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Jon Talton

Analysis and commentary on economic news, trends and issues, with an emphasis on Seattle and the Northwest.

April 24, 2013 at 2:08 PM

Finally, Microsoft gets some (activist) love

Even though the Dow Jones Industrial Average has pulled back today, Microsoft shares are on, what can be described for this staid company, as a tear. As I write, the stock is at $31.76, up nearly 3.8 percent. Back in February they were barely above $27. Shares have been climbing steadily lately, but the biggest reason for the latest goose is the emergence of ValueAct Capital Management as a small but still significant investor. Small because the hedge fund’s $2 billion investment represents less than 1 percent of Microsoft shares outstanding. Significant because ValueAct’s founder and chief executive, Jeffrey Ubben has a reputation as an activist investor.

A former managing partner at Blum Capital Partners and, before that, running Fidelity Investments’ Fidelity Value Fund, Ubben is “known for flipping things around, investing in companies and seeking out board seats and changes in companies it invests on,” writes Mellisa Tolentino on the blog Silicon Angle. According to the Wall Street Journal, “the disclosure revived hopes among some Microsoft investors that an influential shareholder could spur changes to a stock price roughly even with 2002 levels.” The story continues:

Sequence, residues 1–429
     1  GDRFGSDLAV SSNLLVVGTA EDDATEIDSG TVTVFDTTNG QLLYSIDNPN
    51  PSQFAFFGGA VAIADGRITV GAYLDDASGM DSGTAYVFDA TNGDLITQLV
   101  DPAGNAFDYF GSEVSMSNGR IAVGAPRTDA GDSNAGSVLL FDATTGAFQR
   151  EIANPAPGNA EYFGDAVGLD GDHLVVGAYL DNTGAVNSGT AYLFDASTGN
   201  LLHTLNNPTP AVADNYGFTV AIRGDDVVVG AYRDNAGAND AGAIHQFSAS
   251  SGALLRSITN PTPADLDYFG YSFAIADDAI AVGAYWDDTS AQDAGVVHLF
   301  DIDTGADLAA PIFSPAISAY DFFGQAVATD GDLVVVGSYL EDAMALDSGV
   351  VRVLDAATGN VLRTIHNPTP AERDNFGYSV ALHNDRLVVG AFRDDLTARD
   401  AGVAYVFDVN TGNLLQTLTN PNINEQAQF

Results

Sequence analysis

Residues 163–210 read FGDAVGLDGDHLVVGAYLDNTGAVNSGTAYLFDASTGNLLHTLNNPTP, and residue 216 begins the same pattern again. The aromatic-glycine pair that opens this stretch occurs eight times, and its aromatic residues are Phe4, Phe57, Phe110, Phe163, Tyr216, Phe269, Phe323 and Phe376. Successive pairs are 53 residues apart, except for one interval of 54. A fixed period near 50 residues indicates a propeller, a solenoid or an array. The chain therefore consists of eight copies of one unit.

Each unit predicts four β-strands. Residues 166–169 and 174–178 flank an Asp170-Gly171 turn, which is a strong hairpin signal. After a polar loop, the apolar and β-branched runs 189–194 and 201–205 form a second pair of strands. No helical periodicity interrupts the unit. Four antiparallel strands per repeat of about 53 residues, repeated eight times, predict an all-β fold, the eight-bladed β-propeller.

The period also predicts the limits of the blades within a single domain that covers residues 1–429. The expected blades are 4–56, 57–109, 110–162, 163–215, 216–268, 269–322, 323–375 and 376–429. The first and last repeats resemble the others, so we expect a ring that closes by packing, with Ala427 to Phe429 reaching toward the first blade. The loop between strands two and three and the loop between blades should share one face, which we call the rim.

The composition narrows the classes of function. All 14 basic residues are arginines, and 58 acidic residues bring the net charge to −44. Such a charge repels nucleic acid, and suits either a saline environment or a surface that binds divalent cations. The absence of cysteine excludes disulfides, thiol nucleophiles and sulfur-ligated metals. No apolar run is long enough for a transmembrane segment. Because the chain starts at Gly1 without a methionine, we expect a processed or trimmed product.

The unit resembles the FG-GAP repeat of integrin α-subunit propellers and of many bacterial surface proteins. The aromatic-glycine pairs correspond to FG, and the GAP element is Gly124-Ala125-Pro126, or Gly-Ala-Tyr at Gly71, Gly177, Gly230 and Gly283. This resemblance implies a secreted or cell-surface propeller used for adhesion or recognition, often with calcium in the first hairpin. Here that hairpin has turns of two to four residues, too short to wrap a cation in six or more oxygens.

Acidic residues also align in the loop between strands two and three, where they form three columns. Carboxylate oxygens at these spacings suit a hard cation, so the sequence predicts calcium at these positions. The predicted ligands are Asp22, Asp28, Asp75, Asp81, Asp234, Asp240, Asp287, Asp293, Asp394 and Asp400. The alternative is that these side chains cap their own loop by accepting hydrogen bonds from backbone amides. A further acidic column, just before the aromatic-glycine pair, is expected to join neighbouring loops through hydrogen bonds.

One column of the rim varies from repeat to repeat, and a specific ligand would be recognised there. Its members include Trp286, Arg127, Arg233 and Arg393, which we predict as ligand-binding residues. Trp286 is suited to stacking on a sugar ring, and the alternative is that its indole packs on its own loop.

It also isn’t the first time a sometimes-activist investor has talked up Microsoft. Also at an investor conference nearly two years ago, hedge-fund investor David Einhorn lauded Microsoft, but said the company was being held back by the management of Chief Executive Steve Ballmer.

Holding 1 percent of the stock won’t give a great deal of leverage, and Microsoft is much larger than previous Ubben targets such as Acxiom and Gardner Denver. Nor is this the first time a large investor has claimed that Microsoft shares should be worth much more, or that Ballmer is to blame. But this is a development to watch, and with some unease. Microsoft’s missteps are undeniable. But Wall Street’s appetites are for creative destruction and short-term profits. If that means cutting thousands of dollars and gutting the R&D needed to thrive beyond the next quarter, tough luck. Activist investors don’t value what might be considered the “social rate of return” that the Puget Sound region derives from being home to this giant company.

Microsoft is huge and makes vast amounts of money. Both are shields against destruction without the creative part. And some activist investors, ones willing to be patient, can be very constructive. I’ve also seen companies destroyed by them, one example being the old Dial Corp., the crown jewel of Phoenix’s business establishment, that was the target of a vendetta on Wall Street that essentially wrecked the company. Now it’s a subsidiary of a German firm and Phoenix has never gotten over the loss of the headquarters and its corporate leadership. And this was once a company vying to take the mantle of Procter & Gamble.

I know, Microsoft is different. Fine. I’m paid to worry.

And Don’t Miss: The ‘shale boom’ has had only a modest impact on the U.S. economy, so far | Washington Post

Today’s Econ Haiku:

At King Street Station

Its glorious look restored

Back to the future




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